Many of the Society's members espouse a new constitutional philosophy that goes far beyond strict constructionism. These Federalists are not content to simply reverse the rulings of liberal activist courts – they want to impose their own form of conservative and libertarian activism on the courts. For instance, they not only want to broadly limit the power of the courts, they also want to drastically limit the role of the federal government in society and they have begun to attack the legal and constitutional underpinnings of much of modern government. They believe the federal government has exceeded its constitutional powers in establishing the social welfare policies and regulatory policies of the New Deal and the Great Society. (It is revealing that one of their forums had the title "Rolling Back the New Deal.") They would not hesitate to overturn decades of precedent and settled law in order to undermine many of the laws and regulations that currently protect our environment, health, and workplaces. For example, in some of their forums and publications, members of the Society have called for such things as the abolition of the Securities and Exchange Commission and for the drastic limitation of the regulatory powers of the Environmental Protection Agency and the Occupational Safety and Health Administration – all proposals that are very far from the mainstream political ideas of most Americans.

The reach of the Federalist Society was particularly clear in the administration of George W. Bush, in which many of his appointees were active members. During his first term, these officials included:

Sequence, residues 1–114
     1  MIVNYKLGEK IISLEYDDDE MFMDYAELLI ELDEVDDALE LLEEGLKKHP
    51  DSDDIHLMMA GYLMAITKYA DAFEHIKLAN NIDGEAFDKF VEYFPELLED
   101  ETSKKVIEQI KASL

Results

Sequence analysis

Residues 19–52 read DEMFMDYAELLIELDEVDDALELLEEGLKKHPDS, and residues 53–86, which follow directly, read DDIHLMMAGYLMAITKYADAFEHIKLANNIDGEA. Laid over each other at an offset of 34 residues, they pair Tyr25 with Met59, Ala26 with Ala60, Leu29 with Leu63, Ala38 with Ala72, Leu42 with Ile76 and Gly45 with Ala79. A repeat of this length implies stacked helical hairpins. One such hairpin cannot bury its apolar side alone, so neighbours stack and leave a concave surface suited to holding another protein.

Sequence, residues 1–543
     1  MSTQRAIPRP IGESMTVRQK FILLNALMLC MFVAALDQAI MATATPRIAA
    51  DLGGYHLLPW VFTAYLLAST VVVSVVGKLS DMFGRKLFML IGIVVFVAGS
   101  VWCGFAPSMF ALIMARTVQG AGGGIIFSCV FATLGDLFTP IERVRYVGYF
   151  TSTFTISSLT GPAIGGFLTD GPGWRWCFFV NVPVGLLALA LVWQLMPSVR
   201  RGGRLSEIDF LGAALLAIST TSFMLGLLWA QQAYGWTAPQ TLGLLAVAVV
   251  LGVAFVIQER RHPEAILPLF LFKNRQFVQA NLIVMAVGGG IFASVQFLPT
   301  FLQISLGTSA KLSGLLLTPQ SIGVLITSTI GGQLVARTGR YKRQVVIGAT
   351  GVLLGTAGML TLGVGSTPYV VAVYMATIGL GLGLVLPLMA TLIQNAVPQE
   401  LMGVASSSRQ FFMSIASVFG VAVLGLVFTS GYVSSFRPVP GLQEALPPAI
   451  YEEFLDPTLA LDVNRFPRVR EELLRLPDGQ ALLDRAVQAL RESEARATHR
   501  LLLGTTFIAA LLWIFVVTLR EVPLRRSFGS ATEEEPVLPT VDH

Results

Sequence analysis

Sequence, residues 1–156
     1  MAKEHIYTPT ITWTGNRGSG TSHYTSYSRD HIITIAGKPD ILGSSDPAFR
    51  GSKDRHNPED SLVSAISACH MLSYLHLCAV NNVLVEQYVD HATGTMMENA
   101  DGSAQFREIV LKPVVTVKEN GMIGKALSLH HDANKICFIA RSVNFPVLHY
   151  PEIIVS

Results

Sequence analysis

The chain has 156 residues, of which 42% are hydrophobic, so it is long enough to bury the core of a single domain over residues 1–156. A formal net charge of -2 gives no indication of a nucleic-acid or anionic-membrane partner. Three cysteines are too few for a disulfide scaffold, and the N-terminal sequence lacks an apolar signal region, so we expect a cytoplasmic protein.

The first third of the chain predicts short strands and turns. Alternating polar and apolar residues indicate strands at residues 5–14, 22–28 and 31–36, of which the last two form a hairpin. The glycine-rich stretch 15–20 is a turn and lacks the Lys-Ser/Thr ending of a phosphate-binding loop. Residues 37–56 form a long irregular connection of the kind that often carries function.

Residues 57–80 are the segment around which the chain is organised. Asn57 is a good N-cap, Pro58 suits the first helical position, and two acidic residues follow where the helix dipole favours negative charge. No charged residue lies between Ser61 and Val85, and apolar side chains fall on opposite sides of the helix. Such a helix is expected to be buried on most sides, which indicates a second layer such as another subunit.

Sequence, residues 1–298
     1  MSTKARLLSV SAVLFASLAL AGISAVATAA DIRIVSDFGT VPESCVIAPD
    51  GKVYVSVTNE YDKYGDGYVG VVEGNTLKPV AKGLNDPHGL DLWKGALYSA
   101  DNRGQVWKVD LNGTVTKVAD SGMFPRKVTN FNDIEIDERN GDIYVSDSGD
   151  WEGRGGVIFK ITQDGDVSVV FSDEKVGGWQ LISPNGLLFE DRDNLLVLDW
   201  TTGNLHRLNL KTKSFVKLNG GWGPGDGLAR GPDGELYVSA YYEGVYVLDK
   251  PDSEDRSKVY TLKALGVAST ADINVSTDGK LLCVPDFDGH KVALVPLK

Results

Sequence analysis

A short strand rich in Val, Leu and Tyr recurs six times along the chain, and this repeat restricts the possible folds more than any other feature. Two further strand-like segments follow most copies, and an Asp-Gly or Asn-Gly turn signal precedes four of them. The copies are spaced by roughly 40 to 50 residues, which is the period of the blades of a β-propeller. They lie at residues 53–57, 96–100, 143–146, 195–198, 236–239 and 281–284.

Attorney General John Ashcroft

Secretary of the Department of Energy Spencer Abraham

Secretary of the Department of Interior Gale Norton

Solicitor of Labor Eugene Scalia

General Counsel of the Department of Education Brian Jones

Deputy Attorney General Larry Thompson

Solicitor General Ted Olson

Assistant Attorney General for Legal Policy Viet Dinh

Inspector General of Department of Defense Joseph Schmitz

Asst. Attorney General for Environment and Natural Resources Thomas Sansonetti

Principal Deputy Solicitor General Paul Clement

Associate Deputy Attorney General Ted Cruz

Director of National Institute of Justice Sara Hart

Deputy White House counsel Timothy Flanagan

Associate White House counsel Brett Cavanaugh

Associate White House counsel Bradford Berenson

Assistant White House counsel Noel Francisco

General Council Department of Energy Lee Liberman Otis

Deputy Secretary Department of Agriculture James Moseley

Assistant Secretary Department of Agriculture William H. Lash III

General Council Department of Education Brian Jones

Assistant Secretary Department of Education Gerald Reynolds

General Council Department of Health and Human Services Alex Azar III

Clearly membership in this club functioned as a passport to power in the Bush administration. But more important than these administrative appointments were the Federalists tapped for judicial appointments. Soon after his first election, George Bush organized the judicial selection committee made up of White House and Justice Department lawyers, most of whom were members of the Federalist society. Not surprisingly, 17 of the first 20 candidates that President Bush nominated to the federal judiciary were recommended by the Federalist society.5

Given this kind of reach, the Federalist Society might seem to some people like some right-wing legal cabal, but it is too open and too loose a network to really fit that description. It is interesting, however, that the conservative activist Grover Norquist once wryly commented that "If Hillary Clinton had wanted to put some meat on her charge of a ‘vast right-wing conspiracy,’ she should have had a list of Federalist Society members and she could have spun a more convincing story.”6 

Pages: 1 2 3 4 5